For years, these types of feature sets were only available on upper mid-range to enterprise class storage systems. Now SME users can viably deploy a SATA based storage array to handle both production (Tier-2) online data and nearline (Tier-3) data simultaneously.


In addition to advanced software feature functionality, the DATABeast has the native ability to spin down inactive disks (MAID) to save on power consumption using either SATA or SAS technologies. This presents a very interesting opportunity for those SME customers that have a strong need for an effective archiving or data reduction strategy which incorporates advanced power saving technology to drive down energy costs.



Digging Through the Archives


End users are scouring the vendor landscape to determine which technologies will help drive down physical infrastructure requirements, lower management overhead and reduce power consumption. Server virtualization, data deduplication and file system archiving are all valuable approaches to helping data center managers meet business mandates to enhance service levels while reducing capital and operational outlays. Of the above three cost reduction methods, however, archiving is perhaps the most difficult to quantify from a savings perspective. Server virtualization and data deduplication cost savings are relatively black and white. Through virtualization, an IT manager can show hard dollar savings by reducing the need to procure and maintain physical servers. Likewise with deduplication, an IT manager can build a compelling case around tape elimination and all the associated hard dollar capital and operational cost savings.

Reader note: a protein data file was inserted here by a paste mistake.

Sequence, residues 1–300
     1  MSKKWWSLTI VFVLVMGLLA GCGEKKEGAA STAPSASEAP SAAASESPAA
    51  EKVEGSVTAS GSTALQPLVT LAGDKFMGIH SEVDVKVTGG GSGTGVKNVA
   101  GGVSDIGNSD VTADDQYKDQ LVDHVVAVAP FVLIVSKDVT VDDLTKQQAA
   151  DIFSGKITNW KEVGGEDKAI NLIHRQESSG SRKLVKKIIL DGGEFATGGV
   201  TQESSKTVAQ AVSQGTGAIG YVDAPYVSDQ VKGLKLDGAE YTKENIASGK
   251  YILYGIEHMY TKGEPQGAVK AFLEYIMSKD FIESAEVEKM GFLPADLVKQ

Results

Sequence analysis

Unlike deduplication and server virtualization, archiving on the other hand, is not quite so easy to justify. Unless an organization is compelled to perform archiving to satisfy a regulatory agency mandate, it is difficult to rationalize on the basis of reduced costs or greater efficiencies. This is particularly true in an economy when the bottom line is heavily scrutinized. Certainly SME customers fall into this camp.



The Practice of Archiving in Place


IT users can generally justify acquiring more storage when the current array is at or near full capacity. After all, business management understands the concept of “We’re down! No more storage…”.


Archiving In Place basically means that rather than proposing a costly archiving application or file system archiving appliance to perform the operation of de-staging inactive data to a lower cost storage medium, SME users can simply procure another low cost SATA array and manually migrate the active datasets from the old array over to the new array.